Report: Hundreds of Sex Offenders Released Before Completing Treatment

Updated: 06/17/2013 2:44 PM KSTP.com By: Steve Tellier

Hundreds of convicted sex offenders are ordered to complete treatment while in prison but are released without doing so. And even the Minnesota Department of Corrections admits those convicts are more likely to commit another sexual crime once they're back on the street.

"The department is very concerned about the risk of all sex offenders," said Steve Allen, the director of behavioral health sciences at the DOC.

That concern was clear in a new DOC report presented to the legislature last week. It states that in Minnesota, there are about 1,800 sex offenders behind bars who are supposed to complete a treatment program before being released. But only one in three ever enter that treatment, let alone complete it. A 2010 DOC report showed those who are released before participating in treatment are about six percent more likely to commit another sexual crime.

"That really is a disappointing figure," said Donna Dunn, the executive director of the Minnesota Coalition Against Sexual Assault. "We know that sex offender treatment can work and does work. We know that that is something that is incredibly important for offenders to go through. When that doesn't happen, we know that public safety is compromised."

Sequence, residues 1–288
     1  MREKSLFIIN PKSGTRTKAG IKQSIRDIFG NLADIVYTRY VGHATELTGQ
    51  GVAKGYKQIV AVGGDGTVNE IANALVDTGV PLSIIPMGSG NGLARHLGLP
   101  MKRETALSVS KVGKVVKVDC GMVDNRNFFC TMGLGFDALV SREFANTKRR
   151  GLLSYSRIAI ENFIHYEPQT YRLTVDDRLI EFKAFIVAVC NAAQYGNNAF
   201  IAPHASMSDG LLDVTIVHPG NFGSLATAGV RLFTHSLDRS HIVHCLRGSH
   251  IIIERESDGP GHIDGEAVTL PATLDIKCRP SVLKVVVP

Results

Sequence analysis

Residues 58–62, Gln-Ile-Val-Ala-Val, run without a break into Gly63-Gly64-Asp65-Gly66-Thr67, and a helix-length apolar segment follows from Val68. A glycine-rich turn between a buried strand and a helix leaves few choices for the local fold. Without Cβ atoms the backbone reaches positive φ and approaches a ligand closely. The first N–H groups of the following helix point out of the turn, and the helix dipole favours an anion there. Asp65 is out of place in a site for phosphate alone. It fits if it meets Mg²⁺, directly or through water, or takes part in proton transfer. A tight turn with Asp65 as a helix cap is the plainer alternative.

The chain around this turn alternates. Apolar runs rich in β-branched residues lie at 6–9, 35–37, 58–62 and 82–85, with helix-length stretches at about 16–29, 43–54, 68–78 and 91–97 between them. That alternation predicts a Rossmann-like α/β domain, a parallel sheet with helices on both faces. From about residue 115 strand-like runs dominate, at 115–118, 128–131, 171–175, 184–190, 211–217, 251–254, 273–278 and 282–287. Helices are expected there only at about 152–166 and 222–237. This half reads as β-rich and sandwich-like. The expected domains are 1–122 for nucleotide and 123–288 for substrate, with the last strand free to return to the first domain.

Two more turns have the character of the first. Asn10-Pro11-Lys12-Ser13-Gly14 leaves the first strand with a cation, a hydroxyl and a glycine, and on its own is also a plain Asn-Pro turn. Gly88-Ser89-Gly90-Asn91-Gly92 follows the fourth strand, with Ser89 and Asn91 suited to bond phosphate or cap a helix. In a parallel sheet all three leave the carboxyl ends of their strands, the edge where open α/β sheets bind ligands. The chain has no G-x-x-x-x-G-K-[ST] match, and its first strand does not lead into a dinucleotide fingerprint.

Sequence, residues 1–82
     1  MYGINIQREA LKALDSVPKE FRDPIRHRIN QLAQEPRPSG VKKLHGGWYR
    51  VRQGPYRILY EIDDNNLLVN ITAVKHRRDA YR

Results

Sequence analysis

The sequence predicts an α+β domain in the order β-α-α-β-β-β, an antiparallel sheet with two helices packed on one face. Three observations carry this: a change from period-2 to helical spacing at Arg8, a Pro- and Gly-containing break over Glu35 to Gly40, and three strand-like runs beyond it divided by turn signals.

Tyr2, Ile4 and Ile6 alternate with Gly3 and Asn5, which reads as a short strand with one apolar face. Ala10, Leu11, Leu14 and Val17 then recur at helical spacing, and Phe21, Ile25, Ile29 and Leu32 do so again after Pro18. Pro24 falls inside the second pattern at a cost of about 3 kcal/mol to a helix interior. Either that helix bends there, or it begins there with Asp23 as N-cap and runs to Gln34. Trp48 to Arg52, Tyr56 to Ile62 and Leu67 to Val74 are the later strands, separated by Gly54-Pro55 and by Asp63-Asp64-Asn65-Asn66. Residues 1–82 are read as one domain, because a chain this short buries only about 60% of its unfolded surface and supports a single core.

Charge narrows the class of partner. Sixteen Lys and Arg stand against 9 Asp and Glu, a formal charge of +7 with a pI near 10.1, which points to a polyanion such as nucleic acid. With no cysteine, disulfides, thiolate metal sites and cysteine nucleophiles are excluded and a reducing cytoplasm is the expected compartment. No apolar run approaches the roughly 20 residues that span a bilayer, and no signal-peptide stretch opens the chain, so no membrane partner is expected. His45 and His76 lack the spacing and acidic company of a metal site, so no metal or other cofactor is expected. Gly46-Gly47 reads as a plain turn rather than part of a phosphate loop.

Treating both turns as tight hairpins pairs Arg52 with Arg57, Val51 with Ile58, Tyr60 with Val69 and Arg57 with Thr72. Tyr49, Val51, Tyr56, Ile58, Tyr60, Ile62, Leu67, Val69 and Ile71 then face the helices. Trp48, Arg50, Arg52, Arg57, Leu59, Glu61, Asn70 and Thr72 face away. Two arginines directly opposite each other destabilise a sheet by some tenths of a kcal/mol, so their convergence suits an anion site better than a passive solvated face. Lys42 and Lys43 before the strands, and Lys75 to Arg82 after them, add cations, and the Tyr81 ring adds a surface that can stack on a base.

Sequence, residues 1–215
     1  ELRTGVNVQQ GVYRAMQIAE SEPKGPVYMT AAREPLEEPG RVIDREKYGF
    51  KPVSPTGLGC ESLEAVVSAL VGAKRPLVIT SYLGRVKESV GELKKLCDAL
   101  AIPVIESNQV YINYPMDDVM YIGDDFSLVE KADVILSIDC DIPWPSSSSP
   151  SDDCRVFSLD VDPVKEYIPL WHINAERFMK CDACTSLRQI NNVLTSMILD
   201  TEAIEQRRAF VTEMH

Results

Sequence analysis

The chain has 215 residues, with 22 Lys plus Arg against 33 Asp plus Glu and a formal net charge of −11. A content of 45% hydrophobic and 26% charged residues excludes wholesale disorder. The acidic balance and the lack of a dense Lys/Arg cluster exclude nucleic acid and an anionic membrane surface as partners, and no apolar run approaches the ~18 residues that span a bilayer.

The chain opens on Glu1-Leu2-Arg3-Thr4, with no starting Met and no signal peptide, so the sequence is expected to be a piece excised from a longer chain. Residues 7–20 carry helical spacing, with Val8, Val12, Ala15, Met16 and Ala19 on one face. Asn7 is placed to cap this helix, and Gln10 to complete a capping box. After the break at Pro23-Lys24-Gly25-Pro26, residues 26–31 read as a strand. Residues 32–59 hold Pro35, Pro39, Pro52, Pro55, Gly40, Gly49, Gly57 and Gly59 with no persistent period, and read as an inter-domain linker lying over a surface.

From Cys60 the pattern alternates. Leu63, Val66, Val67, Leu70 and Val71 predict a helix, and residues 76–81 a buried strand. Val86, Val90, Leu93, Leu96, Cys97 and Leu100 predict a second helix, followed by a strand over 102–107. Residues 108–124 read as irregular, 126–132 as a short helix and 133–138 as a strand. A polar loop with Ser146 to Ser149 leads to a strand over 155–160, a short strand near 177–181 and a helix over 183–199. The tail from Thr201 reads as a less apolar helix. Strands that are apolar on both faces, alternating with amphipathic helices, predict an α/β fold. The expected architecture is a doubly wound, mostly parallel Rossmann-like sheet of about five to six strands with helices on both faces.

The DOC does make sure the most serious offenders are the ones who get spots in the prison treatment program, and the ones who don't are passed on to community-based treatment and supervision after they're released.

"The research tells us to put the resources where the risk is," Allen said.

The problem is that resources are lacking.

"We would need funding to expand our treatment," Allen said.

The DOC's budget has recently remained flat, and Gov. Mark Dayton's budget proposal doesn't include any additional cash.

"Preventing sexual violence has got to be a priority," Dunn said.

The chair of the House Public Safety Finance and Policy committee, Rep. Michael Paymar (DFL-St. Paul), said the legislature is looking for ways to get the DOC more money and resources for offender treatment.